The circlet of crabs carved in low relief on the frame of this painting is integral to its success as a work of art. Echoing the seaside theme, and offering closure to an otherwise excessively open composition, the frame participates in the painting quite as constructively as the bending figure and wave-lapped beach. The cool monochrome of the location suggests an English coastal resort, though clearly Margetson had the Mediterranean in mind. His lovely fossicker is dressed to evoke the ancient classical past more than late Victorian England. Indeed, Margetson's rather dry application of pale pigment echoes Roman fresco technique. Like most of the lesser genre painters and portraitists of his day, he succumbed to the ever-virulent strain of Victorian classicism, being influenced by better-known contemporaries such as Leighton and Poynter. It goes without saying that the pearl of the title is a punning allusion to the maiden herself.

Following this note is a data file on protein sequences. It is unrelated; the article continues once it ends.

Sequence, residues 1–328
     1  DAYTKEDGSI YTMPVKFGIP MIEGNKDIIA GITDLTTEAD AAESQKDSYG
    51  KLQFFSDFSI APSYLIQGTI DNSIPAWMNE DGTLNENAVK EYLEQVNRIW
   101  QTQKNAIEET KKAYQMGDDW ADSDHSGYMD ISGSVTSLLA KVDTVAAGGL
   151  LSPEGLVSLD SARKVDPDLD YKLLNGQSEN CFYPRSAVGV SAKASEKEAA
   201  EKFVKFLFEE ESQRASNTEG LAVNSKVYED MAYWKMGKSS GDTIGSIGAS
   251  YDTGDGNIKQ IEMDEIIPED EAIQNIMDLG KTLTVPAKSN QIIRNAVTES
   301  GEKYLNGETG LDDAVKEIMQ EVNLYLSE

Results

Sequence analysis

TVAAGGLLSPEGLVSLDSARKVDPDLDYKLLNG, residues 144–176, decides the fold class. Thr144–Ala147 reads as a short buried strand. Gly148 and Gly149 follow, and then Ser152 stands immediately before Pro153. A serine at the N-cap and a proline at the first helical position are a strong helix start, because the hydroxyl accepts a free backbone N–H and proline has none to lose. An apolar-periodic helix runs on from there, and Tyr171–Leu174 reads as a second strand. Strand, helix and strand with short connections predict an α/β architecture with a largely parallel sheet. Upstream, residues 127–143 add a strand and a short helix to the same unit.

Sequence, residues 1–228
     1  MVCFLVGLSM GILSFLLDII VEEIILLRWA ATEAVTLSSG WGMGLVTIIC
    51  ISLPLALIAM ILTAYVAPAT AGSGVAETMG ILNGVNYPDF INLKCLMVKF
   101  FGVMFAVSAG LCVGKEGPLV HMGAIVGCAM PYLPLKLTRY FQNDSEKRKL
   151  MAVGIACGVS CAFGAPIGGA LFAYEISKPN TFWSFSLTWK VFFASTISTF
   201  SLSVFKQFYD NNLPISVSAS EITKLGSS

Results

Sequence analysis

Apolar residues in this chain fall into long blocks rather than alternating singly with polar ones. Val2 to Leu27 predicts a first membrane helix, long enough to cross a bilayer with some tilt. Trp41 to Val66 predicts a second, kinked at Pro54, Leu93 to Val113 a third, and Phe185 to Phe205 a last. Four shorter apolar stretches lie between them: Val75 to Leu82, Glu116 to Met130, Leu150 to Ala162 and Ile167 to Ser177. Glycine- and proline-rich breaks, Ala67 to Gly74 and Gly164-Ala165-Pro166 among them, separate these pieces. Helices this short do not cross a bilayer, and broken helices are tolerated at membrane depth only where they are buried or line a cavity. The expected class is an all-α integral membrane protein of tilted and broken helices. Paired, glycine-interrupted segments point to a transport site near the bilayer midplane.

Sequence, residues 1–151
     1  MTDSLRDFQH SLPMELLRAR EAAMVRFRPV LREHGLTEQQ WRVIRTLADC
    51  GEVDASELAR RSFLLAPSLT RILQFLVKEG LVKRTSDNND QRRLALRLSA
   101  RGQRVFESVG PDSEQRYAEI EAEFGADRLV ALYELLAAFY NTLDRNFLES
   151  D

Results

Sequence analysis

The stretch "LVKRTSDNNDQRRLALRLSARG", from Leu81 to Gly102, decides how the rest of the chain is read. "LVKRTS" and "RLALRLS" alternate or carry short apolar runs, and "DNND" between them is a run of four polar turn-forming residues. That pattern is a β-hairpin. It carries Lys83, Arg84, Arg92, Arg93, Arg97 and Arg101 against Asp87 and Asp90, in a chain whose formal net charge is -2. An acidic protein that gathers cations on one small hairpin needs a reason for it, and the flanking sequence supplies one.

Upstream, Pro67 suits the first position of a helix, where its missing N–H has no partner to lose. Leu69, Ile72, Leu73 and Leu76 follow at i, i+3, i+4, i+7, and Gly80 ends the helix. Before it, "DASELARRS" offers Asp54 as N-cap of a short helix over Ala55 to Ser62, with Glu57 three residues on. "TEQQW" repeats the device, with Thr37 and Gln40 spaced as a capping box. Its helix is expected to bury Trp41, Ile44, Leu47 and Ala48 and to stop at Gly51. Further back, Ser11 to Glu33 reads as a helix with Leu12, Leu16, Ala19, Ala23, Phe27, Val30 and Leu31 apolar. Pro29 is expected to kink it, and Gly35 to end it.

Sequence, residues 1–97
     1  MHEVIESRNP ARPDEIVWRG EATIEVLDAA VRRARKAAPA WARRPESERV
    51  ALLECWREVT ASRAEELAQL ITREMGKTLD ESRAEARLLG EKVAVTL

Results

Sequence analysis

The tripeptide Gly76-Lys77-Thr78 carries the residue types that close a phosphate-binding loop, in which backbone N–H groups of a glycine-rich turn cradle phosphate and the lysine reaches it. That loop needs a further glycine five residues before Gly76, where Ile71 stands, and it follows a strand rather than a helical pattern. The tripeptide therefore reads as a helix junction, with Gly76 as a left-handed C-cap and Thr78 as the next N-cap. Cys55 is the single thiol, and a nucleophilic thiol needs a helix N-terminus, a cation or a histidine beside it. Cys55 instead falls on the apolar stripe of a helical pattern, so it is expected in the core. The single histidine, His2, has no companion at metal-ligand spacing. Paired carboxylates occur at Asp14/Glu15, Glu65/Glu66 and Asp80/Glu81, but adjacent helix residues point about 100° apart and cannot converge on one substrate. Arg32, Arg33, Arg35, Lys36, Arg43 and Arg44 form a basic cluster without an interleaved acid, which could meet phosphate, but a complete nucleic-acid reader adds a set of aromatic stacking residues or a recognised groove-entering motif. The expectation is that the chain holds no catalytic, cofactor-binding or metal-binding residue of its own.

AGNSW Handbook, 1999.


  • Title: The sea hath its pearls
  • Creator: William Henry Margetson
  • Date Created: 1897
  • Physical Dimensions: 132.3 cm diam. stretcher; 163.2 x 162.5 x 9.0 cm frame
  • Provenance: William Henry Margetson, London/England, Purchased by the AGNSW from the artist 1897. Chosen for the Gallery by the Council of the Royal Academy.
  • Type: Painting
  • Rights: Purchased 1897
  • Medium: oil on canvas
  • Signature & Date: Signed and dated l.l., oil "W H Margetson 1897".
  • Artist Country: England

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